Ottawa, ON (December 15, 2020): As 2020 comes to a close, the transatlantic community can collectively breathe a sigh of relief. The incoming Biden presidency could signal the start of a more cooperative and consultative period in transatlantic relations. But that does not mean there are no challenges ahead.

In a new MLI commentary titled “More Challenges than Opportunities for Canada’s Transatlantic Relationships,” Alexander Lanoszka explores what the future holds for Canada’s transatlantic relationships as we transition to the post-Trump era. While a Biden presidency may offer some relief, this does not mean that tensions and controversies will not be in the offing.

“[M]atters of deep contention like trade will persist in transatlantic relations during the Biden presidency,” notes Lanoszka. In addition, “the United States has been steadily prioritizing the Indo-Pacific over Europe. The Trump administration has only sought to deepen that commitment and the trend will likely continue during Biden’s presidency.”

Both issues will likely create challenges for Canada’s approach to finding a renewed transatlantic role. Protectionist impulses are unlikely to recede in the United States. Canadian decision-makers are also more comfortable in the North Atlantic policy space, meaning that the continued US focus on the Indo-Pacific may “pose certain difficulties for them.”

According to Lanoszka, “Canada will face a number of conflicting challenges such that it will likely muddle through in transatlantic relations while taking shelter from some of the deeper political controversies that might roil Europe in the coming years.”

The United Kingdom and France will be wrestling with their own internal challenges alongside the incoming Biden administration. With its propensity for multilateral diplomacy and cooperation, Germany is also a natural ally to Canada. But, as Lanoszka writes, “claims that these countries are able to ‘defend’ the international order may just be overstated if these countries are hamstrung in their operational readiness and ability to undertake military missions.” Questions can also be raised about both countries’ willingness to confront what will be the world’s biggest challenge, China.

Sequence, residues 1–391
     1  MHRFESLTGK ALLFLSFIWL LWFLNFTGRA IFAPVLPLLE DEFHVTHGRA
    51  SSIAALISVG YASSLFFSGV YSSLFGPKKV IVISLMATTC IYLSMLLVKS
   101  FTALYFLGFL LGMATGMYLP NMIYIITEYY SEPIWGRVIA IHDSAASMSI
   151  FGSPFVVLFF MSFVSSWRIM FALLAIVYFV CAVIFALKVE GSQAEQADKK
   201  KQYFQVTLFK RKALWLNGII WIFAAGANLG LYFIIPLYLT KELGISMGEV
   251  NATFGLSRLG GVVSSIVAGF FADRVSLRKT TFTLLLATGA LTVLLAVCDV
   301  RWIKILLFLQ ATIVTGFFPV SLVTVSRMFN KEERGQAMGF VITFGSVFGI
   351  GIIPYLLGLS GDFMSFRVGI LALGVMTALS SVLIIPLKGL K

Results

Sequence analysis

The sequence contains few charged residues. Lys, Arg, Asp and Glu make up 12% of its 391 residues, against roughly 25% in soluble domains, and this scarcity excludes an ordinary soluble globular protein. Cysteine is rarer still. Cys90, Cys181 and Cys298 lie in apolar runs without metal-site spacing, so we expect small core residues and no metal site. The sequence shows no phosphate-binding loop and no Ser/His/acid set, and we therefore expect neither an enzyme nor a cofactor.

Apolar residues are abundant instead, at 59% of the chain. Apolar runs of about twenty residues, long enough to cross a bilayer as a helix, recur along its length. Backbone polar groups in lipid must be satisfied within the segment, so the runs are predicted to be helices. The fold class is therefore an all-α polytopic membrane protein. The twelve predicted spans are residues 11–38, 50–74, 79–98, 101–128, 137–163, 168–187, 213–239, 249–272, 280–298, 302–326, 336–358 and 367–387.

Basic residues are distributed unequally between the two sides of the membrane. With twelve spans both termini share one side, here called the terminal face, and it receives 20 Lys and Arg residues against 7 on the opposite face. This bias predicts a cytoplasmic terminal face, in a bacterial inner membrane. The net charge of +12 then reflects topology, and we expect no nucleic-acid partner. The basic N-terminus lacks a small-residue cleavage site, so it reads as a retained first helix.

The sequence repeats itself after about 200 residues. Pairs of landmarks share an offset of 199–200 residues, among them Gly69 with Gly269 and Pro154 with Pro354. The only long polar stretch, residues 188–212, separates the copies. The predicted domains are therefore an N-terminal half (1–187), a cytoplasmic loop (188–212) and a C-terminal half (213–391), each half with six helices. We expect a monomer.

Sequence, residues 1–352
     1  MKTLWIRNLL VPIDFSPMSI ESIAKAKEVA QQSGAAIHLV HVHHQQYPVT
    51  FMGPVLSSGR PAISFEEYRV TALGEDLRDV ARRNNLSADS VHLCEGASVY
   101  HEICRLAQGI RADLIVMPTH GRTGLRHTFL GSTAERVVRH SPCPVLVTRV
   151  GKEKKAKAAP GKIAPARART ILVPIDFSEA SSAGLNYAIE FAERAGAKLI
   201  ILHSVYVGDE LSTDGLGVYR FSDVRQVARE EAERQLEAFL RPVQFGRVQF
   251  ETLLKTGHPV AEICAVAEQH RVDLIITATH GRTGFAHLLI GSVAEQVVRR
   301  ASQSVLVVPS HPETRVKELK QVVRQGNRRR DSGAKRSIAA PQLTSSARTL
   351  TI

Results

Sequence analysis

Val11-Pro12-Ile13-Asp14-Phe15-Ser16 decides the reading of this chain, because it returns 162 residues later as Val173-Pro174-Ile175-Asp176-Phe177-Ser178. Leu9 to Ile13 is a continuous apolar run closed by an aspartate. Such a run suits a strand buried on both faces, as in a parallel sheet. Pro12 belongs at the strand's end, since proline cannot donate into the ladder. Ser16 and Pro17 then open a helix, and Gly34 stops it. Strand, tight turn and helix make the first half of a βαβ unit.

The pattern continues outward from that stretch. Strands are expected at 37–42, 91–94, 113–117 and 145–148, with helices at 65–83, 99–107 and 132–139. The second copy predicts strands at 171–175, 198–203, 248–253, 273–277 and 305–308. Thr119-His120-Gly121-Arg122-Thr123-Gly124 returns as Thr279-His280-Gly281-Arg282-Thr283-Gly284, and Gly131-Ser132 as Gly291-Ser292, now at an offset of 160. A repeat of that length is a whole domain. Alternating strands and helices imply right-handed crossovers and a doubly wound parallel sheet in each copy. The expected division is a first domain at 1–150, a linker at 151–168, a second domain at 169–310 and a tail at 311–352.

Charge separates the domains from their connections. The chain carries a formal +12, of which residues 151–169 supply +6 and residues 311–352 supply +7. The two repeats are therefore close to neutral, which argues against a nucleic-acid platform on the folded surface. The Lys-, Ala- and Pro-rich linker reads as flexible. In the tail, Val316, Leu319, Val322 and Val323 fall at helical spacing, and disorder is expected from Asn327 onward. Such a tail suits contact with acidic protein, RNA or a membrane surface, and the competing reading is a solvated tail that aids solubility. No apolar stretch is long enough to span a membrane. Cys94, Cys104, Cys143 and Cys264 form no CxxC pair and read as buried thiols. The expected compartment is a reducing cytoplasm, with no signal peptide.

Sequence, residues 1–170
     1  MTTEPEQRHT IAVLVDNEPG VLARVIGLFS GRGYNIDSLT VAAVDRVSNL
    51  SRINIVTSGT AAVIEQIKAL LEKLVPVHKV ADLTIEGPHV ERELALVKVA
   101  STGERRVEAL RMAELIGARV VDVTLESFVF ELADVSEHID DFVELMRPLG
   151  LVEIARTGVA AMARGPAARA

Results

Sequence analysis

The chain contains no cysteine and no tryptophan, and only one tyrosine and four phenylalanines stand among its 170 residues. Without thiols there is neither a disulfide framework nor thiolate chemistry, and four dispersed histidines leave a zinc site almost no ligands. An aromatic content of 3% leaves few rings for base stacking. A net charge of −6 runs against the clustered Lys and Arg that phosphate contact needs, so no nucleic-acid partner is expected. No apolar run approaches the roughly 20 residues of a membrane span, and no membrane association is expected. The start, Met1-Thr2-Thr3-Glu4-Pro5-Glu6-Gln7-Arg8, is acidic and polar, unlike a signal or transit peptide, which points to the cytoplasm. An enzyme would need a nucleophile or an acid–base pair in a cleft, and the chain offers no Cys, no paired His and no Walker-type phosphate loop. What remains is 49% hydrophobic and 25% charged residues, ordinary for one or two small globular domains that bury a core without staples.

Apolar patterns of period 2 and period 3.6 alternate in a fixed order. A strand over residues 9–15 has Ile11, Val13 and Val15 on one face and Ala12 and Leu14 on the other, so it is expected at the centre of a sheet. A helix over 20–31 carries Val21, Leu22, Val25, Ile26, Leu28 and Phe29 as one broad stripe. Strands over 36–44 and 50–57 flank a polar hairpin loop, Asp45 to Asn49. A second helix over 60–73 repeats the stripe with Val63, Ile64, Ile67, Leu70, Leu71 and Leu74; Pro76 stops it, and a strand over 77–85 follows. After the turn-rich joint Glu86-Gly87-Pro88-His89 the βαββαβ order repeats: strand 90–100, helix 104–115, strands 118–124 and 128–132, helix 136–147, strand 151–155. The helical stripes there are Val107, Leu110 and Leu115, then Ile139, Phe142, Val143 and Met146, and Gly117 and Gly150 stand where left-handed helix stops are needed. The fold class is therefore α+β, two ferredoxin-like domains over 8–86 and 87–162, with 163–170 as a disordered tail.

Canadian policy-makers need to address a number of questions moving forward:

  1. In light of the COVID-19 pandemic’s effect on the government deficit, will Canada be willing and able to maintain its military commitments to Europe?
  2. When it comes to furthering the transatlantic relationship, should Canada align with any key European state in light of those risks, or should it be a junior partner of sorts to a Biden-led United States?
  3. To what extent will Canada endorse a strong anti-Chinese coalition that might involve the United States and the United Kingdom but not, for example, Germany?
  4. Can Canada find a way to reconcile France’s aspirations for Europe to achieve strategic autonomy with its support for NATO?

“None of these questions are easy; the answers partly depend on what Canadian policy-makers want to achieve,” adds Lanoszka. “But thinking through them at least would be a good step to get as much as a handle on the transatlantic relationship in the years to come.”

To learn more, read the full commentary here.

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Alexander Lanoszka is Assistant Professor in the Department of Political Science at the University of Waterloo and the Balsillie School of International Affairs. His research addresses alliance politics and military strategy, with a regional focus on Europe.

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Brett Byers
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613-482-8327 x105
brett.byers@macdonaldlaurier.ca

 

 

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